A few thoughts on the Facebook IPO

Facebook. What a great way to waste ten minutes of your day. Turns out that it’s also a great way to waste money if you bought into the IPO with shares currently trading at $32 – 16% down on Friday’s launch price. Now there is investigations ongoing into alleged irregularities in the IPO and rumour that they are going to abandon the NASDAQ and move their listing to the NYSE. None of which gets away from the fact that the company is horribly over-valued.

A quick look at the Wikipedia article on valuing a company suggests that there are many different approaches to doing so, however I am going to use the common sense approach to doing so. Lets start with the 2011 revenue – $3.7bn and their profit after tax was approximately $1bn according to a quick Google search. Furthermore, there are 2.14 billion shares and approximately 900 million users.

This means that the profit per share is $0.47 and the profit per user is about $1.11, however they reckon that the amount they make will go down as more and more people move to mobile platforms. Couple this to the fact that advertisers are already beginning to question the value of their Facebook campaigns, and that face that Facebook already counts an eighth of the worlds population amongst its users and the actual potential for growth looks limited.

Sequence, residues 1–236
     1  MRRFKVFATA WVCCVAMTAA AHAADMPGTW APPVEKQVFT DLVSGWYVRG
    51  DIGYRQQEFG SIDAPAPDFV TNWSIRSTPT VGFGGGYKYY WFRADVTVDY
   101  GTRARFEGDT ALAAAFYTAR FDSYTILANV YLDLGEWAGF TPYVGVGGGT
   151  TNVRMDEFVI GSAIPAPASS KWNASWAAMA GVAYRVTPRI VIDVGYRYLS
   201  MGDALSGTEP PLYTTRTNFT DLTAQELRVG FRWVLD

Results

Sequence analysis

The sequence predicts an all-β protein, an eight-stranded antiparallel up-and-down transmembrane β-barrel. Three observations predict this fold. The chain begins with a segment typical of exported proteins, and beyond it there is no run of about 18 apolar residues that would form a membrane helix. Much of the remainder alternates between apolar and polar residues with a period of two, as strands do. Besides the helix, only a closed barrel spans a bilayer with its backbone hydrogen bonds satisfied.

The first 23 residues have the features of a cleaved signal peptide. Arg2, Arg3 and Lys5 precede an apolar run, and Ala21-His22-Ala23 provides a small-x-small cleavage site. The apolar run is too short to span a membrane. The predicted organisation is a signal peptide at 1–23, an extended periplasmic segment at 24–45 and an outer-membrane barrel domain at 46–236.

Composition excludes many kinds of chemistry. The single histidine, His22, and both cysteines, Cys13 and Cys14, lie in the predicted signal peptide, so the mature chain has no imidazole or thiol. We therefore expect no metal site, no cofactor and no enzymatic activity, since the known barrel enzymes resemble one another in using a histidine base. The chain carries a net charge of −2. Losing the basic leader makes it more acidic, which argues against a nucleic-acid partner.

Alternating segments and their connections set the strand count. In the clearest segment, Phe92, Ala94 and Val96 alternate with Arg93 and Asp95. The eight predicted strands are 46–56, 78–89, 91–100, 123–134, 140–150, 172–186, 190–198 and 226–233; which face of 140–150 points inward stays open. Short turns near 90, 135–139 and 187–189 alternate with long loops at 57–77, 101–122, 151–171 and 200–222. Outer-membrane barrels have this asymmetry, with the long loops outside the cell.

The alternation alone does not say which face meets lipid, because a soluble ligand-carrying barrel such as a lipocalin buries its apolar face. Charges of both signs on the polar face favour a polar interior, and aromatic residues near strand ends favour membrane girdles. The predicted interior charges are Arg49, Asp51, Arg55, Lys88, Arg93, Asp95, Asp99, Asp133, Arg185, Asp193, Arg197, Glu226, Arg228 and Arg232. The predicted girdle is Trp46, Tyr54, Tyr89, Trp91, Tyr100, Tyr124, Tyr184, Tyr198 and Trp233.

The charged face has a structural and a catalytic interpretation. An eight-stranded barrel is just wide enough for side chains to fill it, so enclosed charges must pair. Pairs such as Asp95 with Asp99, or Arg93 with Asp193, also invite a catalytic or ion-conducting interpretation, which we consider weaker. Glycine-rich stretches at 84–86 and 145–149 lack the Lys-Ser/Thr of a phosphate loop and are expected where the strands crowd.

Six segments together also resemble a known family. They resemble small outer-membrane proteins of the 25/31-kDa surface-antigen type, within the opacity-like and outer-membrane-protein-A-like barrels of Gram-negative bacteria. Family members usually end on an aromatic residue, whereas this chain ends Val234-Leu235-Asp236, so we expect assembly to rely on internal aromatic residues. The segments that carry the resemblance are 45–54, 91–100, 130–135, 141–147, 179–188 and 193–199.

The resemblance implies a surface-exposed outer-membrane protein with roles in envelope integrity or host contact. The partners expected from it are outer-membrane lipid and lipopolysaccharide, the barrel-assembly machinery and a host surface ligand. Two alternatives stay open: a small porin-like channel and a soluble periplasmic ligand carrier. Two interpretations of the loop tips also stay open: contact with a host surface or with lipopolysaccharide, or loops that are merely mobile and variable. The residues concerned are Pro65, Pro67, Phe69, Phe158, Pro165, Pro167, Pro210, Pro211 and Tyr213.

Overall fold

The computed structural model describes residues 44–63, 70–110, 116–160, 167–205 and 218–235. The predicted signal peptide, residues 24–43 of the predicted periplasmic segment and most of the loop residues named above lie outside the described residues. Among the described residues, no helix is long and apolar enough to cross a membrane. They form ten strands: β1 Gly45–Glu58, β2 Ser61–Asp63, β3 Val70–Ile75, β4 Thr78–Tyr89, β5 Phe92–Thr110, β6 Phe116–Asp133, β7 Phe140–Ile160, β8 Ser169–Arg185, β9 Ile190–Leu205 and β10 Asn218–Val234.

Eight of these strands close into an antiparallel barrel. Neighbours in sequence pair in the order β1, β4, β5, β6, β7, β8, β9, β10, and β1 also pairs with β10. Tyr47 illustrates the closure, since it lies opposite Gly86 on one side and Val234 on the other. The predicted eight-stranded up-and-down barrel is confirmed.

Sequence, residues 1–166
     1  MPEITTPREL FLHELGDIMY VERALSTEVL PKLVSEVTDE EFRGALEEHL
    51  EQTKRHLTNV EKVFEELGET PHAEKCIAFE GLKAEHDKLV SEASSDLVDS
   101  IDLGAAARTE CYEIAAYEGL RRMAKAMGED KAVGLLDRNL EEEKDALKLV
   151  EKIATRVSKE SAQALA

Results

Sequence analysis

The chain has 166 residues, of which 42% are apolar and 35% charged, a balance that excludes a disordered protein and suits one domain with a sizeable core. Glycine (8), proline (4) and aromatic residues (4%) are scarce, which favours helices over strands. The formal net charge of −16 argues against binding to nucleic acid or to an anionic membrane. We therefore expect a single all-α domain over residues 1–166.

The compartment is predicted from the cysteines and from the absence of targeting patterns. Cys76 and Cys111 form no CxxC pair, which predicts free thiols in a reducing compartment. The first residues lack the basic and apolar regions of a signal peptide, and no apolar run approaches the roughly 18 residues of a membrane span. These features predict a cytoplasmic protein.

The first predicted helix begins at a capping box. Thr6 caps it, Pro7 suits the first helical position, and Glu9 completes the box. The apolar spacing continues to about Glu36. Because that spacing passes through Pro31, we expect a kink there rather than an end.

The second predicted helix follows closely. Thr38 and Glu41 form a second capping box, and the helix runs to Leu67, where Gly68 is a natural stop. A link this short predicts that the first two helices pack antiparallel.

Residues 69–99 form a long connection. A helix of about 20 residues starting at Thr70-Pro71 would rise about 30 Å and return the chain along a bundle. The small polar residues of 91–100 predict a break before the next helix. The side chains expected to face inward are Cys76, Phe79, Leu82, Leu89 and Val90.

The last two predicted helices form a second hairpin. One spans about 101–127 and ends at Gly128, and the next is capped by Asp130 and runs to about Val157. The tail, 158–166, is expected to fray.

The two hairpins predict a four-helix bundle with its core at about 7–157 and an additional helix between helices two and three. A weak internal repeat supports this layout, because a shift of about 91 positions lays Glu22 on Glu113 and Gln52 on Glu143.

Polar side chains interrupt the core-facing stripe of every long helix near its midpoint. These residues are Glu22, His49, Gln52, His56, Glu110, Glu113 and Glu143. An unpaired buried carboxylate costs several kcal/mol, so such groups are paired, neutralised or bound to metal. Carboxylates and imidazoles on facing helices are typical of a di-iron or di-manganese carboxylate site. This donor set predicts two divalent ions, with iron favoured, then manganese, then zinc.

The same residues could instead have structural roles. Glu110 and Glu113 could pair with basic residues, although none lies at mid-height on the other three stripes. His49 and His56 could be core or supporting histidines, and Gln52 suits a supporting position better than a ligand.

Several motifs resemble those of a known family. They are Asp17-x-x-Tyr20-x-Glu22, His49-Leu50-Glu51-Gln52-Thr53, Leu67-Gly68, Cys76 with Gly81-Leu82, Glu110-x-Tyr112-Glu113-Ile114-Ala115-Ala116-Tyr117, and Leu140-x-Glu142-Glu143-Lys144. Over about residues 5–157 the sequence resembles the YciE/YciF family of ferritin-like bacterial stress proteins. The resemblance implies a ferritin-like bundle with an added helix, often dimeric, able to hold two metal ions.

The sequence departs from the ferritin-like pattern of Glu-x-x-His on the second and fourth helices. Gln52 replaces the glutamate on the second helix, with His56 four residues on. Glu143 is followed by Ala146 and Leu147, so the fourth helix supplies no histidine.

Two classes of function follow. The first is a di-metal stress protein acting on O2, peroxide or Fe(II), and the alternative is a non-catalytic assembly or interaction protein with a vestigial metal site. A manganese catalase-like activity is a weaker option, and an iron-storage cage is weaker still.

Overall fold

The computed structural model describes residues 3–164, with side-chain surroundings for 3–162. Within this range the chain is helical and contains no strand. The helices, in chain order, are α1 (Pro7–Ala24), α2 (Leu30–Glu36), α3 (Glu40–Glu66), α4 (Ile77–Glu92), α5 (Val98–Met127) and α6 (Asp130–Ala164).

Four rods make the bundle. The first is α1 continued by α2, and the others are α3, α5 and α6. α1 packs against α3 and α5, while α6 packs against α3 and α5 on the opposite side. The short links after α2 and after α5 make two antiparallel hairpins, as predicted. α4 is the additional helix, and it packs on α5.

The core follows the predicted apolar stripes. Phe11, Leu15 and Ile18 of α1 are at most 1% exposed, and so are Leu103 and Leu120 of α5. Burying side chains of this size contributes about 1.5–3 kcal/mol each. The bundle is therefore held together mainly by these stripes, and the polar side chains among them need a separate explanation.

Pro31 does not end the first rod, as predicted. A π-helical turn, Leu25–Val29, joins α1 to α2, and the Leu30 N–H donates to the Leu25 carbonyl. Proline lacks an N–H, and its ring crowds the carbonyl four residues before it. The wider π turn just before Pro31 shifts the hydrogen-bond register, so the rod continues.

At a share price of $32 per share, the company is valued at $68.5bn. Lets assume that in five years they increase their user base to 1.5 billion users and somehow manage to get their profit per user up to $2 – effectively tripling their profits and the share price was to reflect this, then the company would still be valued at a shade over $200bn.

Of course, not being an economist or accountant, I could and probably will be massively wrong. I am however a Computer Scientist, and I can say with some certainty that at some point something better will come along. Not a Google+ which offers little more than a different name and logo, but a who new approach to social networking, and when that happens Facebook will find that it and its share price fades rapidly. An alternative possibility is that in trying to monetise its platform to satisfy the shareholders, they will at last succeed in their attempts to alienate the users of the site although the outcome will still be the same.

Here’s a thought for you though… By the time the first commercial quantum computer comes along, Facebook will probably be a footnote in the pages of history, somewhere alongside AOL and MySpace. The computer however will probably have the letters I B M written on the front of it! Here’s one of my favourite bits of self promotion, that kind of shows how you actually build a valuable company.


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